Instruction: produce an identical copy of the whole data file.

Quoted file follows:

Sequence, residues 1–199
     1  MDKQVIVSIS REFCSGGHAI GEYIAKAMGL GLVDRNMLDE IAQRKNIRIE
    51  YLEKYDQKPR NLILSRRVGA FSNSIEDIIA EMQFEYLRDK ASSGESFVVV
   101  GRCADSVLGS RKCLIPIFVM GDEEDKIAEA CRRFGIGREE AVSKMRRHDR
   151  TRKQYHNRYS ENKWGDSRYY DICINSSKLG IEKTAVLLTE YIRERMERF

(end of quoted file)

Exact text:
Sequence, residues 1–199
     1  MDKQVIVSIS REFCSGGHAI GEYIAKAMGL GLVDRNMLDE IAQRKNIRIE
    51  YLEKYDQKPR NLILSRRVGA FSNSIEDIIA EMQFEYLRDK ASSGESFVVV
   101  GRCADSVLGS RKCLIPIFVM GDEEDKIAEA CRRFGIGREE AVSKMRRHDR
   151  TRKQYHNRYS ENKWGDSRYY DICINSSKLG IEKTAVLLTE YIRERMERF